The hacker collective Anonymous is threatening to release information it describes as the “real reason” former Canadian foreign affairs minister John Baird left office last February.
A message posted on Twitter on July 29 claimed the group would soon distribute text messages and video related to the affair.
Anonymous describes its actions as being in retaliation to the July 16 police shooting of James McIntyre, a 46-year-old man who was killed outside of a public meeting about the Site C dam held in Dawson Creek. McIntyre was reportedly wearing a Guy Fawkes mask and allegedly holding a knife when he was shot by the RCMP.
Baird, who was previously the Conservative MP representing Ottawa West-Nepean, told CBC News he was leaving politics following the death of a friend, Canada’s former finance minister Jim Flaherty, which Baird claimed had prompted him to reassess his priorities.
At first, many onlookers assumed the information Anonymous says it had decrypted relates to old and widely circulated rumours Baird might be gay. Just about every journalist in the country has heard those claims but very few have ever cared enough to report on them.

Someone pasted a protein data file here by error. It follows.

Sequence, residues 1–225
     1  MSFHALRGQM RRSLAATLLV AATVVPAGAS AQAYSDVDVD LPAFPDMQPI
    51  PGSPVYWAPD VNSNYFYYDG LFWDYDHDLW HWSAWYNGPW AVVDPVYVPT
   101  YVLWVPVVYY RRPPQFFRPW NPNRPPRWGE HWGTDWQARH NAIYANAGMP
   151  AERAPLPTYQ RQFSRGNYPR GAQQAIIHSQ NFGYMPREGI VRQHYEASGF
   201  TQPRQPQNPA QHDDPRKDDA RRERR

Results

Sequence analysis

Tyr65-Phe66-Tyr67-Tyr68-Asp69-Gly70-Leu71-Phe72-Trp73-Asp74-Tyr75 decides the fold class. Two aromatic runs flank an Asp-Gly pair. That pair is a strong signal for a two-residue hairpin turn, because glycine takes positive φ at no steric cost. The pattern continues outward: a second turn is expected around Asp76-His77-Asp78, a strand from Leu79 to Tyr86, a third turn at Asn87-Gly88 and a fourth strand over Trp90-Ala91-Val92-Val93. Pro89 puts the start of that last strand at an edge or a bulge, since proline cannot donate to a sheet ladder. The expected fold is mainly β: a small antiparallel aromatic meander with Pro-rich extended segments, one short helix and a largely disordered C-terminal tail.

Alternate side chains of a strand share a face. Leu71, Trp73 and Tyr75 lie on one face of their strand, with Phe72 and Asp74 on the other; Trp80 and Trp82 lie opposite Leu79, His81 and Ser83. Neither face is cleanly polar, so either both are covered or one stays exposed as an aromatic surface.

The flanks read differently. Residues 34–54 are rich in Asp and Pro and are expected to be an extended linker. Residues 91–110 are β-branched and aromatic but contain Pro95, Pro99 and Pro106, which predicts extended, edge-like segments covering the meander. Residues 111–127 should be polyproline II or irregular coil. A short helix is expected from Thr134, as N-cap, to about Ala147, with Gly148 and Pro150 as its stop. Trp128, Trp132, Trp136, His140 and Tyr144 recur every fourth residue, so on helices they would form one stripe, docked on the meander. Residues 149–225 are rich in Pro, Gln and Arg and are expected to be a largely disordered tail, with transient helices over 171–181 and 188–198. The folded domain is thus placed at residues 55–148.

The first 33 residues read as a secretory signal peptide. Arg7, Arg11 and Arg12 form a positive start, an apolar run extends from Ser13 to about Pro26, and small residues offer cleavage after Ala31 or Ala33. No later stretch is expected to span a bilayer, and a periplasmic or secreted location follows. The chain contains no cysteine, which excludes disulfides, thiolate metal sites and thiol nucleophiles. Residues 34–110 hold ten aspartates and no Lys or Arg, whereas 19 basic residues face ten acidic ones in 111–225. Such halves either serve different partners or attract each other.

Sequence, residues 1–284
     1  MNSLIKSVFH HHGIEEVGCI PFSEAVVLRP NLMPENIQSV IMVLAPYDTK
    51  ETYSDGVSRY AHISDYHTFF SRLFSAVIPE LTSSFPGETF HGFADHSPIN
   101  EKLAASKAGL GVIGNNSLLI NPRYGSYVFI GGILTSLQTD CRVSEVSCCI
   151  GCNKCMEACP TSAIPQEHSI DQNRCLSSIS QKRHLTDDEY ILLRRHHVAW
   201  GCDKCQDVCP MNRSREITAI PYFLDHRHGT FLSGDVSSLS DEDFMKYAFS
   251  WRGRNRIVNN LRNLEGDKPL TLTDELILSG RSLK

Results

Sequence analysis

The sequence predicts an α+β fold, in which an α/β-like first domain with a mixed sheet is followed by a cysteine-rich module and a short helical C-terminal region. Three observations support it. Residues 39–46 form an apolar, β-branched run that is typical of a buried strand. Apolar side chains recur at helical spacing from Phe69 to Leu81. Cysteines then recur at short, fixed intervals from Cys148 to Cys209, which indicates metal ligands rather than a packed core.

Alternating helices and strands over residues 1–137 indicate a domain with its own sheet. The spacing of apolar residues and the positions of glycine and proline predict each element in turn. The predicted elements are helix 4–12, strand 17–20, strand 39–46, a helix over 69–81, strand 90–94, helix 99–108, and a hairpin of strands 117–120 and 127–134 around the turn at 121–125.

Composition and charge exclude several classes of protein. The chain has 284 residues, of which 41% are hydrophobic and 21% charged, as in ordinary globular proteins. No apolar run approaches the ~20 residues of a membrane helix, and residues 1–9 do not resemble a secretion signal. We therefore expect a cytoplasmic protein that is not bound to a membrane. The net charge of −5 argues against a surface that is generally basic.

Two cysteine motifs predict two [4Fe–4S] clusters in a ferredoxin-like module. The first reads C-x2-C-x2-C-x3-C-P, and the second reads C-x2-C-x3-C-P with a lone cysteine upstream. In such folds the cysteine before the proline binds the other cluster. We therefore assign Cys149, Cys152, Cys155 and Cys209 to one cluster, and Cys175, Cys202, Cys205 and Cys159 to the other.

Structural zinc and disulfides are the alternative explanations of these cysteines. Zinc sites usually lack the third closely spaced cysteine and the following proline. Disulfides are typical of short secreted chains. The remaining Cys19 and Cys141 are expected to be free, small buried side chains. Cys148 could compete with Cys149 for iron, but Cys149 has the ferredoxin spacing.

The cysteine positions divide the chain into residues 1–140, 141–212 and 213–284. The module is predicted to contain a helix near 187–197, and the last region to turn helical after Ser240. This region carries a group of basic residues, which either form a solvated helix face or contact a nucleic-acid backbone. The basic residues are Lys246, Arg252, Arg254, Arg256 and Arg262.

However, later on July 29, another Anonymous message posted on Twitter aimed to dispel that notion.
“To be clear: what John Baird does or did sexually with other consenting adults is none of our concern & no reason for leaving office,” it reads.
Another message claimed the information reveals “illegal activity”.
Matthew Miller, an Ottawa-based journalist who has written for the National Observer and other publications, has posted messages on Twitter related to trips Baird made to Egypt and then allegedly Mexico. The Anonymous Twitter account created in relation to the Dawson Creek shooting, @OpAnonDown, signalled the details Miller discussed might have something to do with what's coming but claimed there would also be more.
If and when Anonymous does release something on Baird, it will be the third such incident since the group threatened retaliation for the death of McIntyre.
On July 28, the National Post reported on documents it described as “hacked by Anonymous” that revealed previously unknown details about the Canadian Security Intelligence Service (CSIS).
Those files stated CSIS operates 25 foreign stations, “many of which are located in developing countries and/or unstable environments”. According to the Post, the government had previously only told the public about the existence of three CSIS stations abroad.
Before that, on July 20, Anonymous claimed responsibility for an attack on RCMP cyber infrastructure.